break the cycle of povertyAfter a challenging and tumultuous period in her life, Crystal checked in to The Salvation Army’s family shelter at the Community of Hope in Lakeland, Florida. Upon arrival, her central goal was to build a stable home for herself and three children, especially after a recent eviction.

Just a few weeks into Crystal’s maximum 90-day stay in the family shelter, she enrolled in the Pathway of Hope program and quickly secured a job at a local restaurant. From there, Crystal opened a bank account to embark on her plan to save money in order to transition out of the shelter and into stable, secure housing.

“We could tell right away that Crystal was ready for change, and that is really what Pathway of Hope is all about,” said Cristina Coulson, Social Services Program Coordinator. “She was really ready to break the cycle of poverty that she had been experiencing for years, and to do it for her children. The program was a great fit for her, and everything worked well, in part because she was so on board with being held accountable.”

With visible and clear motivation to improve her circumstances, Crystal continued to progress. Eventually, she signed a lease on a house, with The Salvation Army providing some financial assistance and Crystal contributing in a significant manner from money saved through her new employment. Ultimately, Crystal’s housing situation is now secure, with her dwelling fully furnished and comfortable for herself and her school-aged children.

Crystal remains active in the Pathway of Hope initiative, including weekly case management meetings with Coulson to help her navigate the coming days and months. Crystal also plans to continue her education by pursuing her GED, and she aims to secure a driver’s license. Her journey continues with an eye toward a better future, and her story stands as an illustration of what hard work and persistence can bring.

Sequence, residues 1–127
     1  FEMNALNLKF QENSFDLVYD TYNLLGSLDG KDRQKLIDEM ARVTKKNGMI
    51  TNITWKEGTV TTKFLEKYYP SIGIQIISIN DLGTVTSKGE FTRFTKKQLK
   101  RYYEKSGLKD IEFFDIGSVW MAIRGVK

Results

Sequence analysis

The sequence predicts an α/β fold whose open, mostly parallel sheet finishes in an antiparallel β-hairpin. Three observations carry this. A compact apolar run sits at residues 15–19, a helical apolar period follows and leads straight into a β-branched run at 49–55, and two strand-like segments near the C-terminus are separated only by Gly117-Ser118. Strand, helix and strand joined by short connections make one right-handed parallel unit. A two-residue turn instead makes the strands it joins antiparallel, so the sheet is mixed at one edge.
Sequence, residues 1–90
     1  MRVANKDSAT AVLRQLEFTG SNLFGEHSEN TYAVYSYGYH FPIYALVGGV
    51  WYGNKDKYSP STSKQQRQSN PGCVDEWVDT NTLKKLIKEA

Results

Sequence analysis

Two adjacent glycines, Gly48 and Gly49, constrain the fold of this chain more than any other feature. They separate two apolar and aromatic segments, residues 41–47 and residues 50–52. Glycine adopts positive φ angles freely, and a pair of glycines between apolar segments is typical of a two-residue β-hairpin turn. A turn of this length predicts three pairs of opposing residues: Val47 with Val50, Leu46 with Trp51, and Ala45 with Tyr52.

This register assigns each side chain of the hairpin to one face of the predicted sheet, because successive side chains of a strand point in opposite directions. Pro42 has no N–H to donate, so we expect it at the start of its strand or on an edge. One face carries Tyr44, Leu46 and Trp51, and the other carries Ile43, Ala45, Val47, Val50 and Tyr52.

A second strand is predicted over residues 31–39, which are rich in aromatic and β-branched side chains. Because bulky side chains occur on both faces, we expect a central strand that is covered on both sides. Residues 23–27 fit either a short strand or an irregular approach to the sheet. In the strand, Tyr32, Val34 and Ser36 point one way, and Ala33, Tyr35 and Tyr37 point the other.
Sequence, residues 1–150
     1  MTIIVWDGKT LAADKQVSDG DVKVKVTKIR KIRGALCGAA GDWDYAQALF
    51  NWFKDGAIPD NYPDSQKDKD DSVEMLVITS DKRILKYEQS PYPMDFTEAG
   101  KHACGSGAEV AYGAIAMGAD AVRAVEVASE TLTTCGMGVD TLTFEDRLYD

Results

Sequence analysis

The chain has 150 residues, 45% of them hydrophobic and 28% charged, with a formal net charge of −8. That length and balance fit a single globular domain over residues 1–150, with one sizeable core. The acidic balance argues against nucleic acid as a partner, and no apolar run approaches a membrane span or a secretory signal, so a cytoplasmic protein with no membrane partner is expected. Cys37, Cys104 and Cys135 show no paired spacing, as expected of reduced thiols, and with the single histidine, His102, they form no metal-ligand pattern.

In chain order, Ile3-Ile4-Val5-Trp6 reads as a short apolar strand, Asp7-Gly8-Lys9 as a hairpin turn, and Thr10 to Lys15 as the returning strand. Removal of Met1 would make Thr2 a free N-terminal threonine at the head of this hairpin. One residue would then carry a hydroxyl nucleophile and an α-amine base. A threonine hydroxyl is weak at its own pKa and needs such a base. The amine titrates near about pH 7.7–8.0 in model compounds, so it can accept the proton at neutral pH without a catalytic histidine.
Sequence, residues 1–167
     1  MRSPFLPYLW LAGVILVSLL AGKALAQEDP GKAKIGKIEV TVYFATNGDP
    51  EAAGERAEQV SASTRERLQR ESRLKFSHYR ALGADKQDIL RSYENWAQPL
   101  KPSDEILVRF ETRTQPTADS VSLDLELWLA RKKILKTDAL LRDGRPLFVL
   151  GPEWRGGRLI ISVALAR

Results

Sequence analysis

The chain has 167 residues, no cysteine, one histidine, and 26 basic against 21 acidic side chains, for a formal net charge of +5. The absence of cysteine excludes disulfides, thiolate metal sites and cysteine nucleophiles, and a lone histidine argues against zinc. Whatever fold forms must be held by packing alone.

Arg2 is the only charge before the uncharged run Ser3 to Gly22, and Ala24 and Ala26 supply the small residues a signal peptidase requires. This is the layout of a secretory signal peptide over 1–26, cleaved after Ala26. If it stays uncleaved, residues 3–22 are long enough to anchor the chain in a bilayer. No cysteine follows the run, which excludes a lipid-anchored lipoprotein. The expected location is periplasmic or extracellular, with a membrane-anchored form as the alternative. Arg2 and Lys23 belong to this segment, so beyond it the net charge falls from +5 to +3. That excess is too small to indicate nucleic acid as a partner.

“Pathway of Hope works because it is a partnership between the case manager and the client,” Coulson said. “We purposefully work at the client’s pace, meeting them where they are. I think Crystal’s story is really a perfect reminder that, through Pathway of Hope, we can really break the cycle of poverty for people that have faced hardships for large portions of their life. I think she’s a shining example of someone who really wanted to put in the work, and we were able to come alongside her in the journey.”

Find out more about The Salvation Army’s Pathway of Hope Initiative.

By: Brad Rowland

Ronnie Samuel - Anxiety Alleviated

61-year-old Ronnie Samuel felt as though his problems were piling on top of each other and that his life was too much to bear. After taking time off work as a security guard while he recovered from kidney transplant surgery, he tested positive for COVID-19. During his recovery, bills began to stack up, reaching a total of $4,000.

That’s when Ronnie turned to The Salvation Army, where he was assured that everything would be alright. He explained his experience working with his caseworker, “She was very professional. She was helpful. The Salvation Army grabs you and pulls you back in. It was a huge help to me. It was awesome. I just want to thank them so much.”

The Salvation Army is continuing to work with Ronnie to help ease his burdens.